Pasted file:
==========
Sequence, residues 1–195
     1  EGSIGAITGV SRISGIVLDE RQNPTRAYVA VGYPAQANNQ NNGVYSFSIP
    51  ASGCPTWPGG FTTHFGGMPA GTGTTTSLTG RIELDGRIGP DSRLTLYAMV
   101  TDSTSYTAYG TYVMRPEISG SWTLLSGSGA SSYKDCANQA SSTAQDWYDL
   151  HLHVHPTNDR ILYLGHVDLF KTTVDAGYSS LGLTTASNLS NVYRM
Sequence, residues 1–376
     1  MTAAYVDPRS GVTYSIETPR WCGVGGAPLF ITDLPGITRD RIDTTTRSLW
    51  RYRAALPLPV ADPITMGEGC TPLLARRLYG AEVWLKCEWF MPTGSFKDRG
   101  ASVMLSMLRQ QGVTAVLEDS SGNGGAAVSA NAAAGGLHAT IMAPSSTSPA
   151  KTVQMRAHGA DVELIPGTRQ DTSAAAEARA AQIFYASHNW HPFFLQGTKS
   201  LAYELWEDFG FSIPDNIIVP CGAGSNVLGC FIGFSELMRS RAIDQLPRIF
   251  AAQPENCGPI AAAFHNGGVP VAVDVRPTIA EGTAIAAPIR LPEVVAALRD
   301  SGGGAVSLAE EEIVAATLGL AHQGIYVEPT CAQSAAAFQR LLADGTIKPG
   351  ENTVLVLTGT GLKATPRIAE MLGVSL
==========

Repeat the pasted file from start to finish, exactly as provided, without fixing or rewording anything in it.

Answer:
Sequence, residues 1–195
     1  EGSIGAITGV SRISGIVLDE RQNPTRAYVA VGYPAQANNQ NNGVYSFSIP
    51  ASGCPTWPGG FTTHFGGMPA GTGTTTSLTG RIELDGRIGP DSRLTLYAMV
   101  TDSTSYTAYG TYVMRPEISG SWTLLSGSGA SSYKDCANQA SSTAQDWYDL
   151  HLHVHPTNDR ILYLGHVDLF KTTVDAGYSS LGLTTASNLS NVYRM
Sequence, residues 1–376
     1  MTAAYVDPRS GVTYSIETPR WCGVGGAPLF ITDLPGITRD RIDTTTRSLW
    51  RYRAALPLPV ADPITMGEGC TPLLARRLYG AEVWLKCEWF MPTGSFKDRG
   101  ASVMLSMLRQ QGVTAVLEDS SGNGGAAVSA NAAAGGLHAT IMAPSSTSPA
   151  KTVQMRAHGA DVELIPGTRQ DTSAAAEARA AQIFYASHNW HPFFLQGTKS
   201  LAYELWEDFG FSIPDNIIVP CGAGSNVLGC FIGFSELMRS RAIDQLPRIF
   251  AAQPENCGPI AAAFHNGGVP VAVDVRPTIA EGTAIAAPIR LPEVVAALRD
   301  SGGGAVSLAE EEIVAATLGL AHQGIYVEPT CAQSAAAFQR LLADGTIKPG
   351  ENTVLVLTGT GLKATPRIAE MLGVSL